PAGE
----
When your life’s on the line, you may think that all new knowledge will be rushed to the front lines as fast as possible. Not so much.
At one conference where I spoke, someone summed it up thus: “The bigger the beast, the slower the pulse.” He was drawing an analogy to mammal biology: an enormous whale’s heart beats six times a minute, while the Etruscan shrew’s is 140 times faster:
The superpatient’s problem is that medical publishing can be a slow process: it can take years for new knowledge to reach the point of need. Fifteen years ago Ferguson said it took 2-5 years, and called it “the lethal lag time.”
What you see in the best patient communities is people who are actively in touch with leading-edge researchers, so they know what research is in process long before it’s published. And sometimes these researchers are more than happy to share their knowledge.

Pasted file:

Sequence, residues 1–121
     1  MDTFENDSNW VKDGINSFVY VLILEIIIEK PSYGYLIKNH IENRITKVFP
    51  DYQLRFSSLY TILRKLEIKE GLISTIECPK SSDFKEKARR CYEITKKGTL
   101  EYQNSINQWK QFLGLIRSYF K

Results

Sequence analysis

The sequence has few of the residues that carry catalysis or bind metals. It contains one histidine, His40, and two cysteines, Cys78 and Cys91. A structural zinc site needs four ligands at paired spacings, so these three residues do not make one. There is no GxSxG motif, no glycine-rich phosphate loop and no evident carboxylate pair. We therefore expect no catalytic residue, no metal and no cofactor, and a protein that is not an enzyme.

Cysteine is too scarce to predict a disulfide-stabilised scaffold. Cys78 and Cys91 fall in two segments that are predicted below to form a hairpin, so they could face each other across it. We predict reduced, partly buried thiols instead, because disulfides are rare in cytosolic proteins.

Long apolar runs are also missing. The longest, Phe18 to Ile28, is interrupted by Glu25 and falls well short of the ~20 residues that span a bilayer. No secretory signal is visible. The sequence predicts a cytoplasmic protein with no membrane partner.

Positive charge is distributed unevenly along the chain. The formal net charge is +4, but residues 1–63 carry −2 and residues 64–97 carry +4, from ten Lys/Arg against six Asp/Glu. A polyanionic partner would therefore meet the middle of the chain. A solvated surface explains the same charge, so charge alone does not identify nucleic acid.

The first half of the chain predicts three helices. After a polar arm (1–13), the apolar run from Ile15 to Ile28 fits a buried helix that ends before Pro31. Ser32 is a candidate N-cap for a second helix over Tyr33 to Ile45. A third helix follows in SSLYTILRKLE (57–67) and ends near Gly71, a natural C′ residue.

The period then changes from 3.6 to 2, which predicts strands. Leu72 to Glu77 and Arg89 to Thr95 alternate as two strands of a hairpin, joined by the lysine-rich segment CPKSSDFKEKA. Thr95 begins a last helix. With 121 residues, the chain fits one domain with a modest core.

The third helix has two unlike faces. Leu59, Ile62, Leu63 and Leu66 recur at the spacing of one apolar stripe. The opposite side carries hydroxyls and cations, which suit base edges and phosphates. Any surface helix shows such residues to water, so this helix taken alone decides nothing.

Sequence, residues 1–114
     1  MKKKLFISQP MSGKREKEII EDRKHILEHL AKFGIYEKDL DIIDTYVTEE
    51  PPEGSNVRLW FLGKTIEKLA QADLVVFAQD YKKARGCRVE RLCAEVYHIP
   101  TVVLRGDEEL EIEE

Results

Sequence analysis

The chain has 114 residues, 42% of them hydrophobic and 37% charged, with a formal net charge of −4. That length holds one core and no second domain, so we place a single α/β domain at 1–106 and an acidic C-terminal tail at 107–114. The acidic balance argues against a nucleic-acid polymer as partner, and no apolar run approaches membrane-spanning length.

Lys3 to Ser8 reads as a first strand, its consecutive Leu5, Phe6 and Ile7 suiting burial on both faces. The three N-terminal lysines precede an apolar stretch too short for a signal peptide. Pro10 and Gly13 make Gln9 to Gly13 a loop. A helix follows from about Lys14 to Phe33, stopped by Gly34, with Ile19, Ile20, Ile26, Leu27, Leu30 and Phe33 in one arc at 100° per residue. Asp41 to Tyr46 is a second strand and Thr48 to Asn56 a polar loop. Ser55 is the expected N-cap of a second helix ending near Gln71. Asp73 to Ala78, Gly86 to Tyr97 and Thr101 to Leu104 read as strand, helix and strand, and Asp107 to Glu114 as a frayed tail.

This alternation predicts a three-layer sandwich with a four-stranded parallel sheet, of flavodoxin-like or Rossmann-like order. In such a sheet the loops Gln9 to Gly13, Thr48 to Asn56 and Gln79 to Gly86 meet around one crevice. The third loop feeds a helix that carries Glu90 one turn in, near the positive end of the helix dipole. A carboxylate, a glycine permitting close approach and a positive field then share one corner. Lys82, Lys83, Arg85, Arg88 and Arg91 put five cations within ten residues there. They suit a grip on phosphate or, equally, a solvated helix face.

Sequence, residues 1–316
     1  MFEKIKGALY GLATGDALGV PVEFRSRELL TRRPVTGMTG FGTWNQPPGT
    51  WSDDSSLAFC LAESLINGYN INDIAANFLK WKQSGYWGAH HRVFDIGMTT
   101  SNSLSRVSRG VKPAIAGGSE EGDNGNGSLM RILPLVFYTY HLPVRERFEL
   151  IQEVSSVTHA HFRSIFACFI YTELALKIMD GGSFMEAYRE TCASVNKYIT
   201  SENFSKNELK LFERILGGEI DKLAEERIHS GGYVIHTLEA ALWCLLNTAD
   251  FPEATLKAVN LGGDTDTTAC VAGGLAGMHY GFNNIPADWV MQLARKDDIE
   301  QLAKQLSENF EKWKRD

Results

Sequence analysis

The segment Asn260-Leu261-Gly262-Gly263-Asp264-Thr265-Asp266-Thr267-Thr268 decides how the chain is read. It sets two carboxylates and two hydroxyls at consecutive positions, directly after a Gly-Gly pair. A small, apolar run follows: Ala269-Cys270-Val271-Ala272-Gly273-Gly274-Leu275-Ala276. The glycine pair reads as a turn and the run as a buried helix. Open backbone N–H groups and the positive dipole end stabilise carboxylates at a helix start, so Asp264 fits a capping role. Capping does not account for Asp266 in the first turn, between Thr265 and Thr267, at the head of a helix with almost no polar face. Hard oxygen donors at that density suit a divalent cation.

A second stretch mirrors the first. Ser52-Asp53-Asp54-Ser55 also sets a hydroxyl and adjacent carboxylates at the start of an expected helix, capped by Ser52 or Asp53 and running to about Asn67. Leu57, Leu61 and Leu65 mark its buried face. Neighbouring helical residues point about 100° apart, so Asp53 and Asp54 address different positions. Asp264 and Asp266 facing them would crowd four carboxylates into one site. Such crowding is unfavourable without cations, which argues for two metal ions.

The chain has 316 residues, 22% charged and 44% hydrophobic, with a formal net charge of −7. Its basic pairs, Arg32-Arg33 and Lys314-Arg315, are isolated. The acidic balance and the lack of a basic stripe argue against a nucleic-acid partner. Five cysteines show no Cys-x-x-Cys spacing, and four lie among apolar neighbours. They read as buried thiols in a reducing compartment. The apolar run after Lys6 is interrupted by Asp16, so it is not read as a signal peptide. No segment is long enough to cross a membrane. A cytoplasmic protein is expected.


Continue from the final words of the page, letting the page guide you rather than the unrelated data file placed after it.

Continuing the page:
I knew a breast cancer patient, Judy Feder, who prolonged her life eighteen months by connecting with a researcher recommended by one of the four e-patient communities she belonged to.
If this subject – the whale-like pace of science – interests you, here are related posts on how long it’s actually taken throughout history:
- A comment on that post:
17 years is not too bad, considering how long it took the British Empire to implement practices to conquer scurvy. The entire article is a good read:
The Healthcare Singularity and the Age of Semantic Medicine
…The total time from Lancaster’s definitive demonstration of how to prevent scurvy to adoption across the British Empire was 264 years.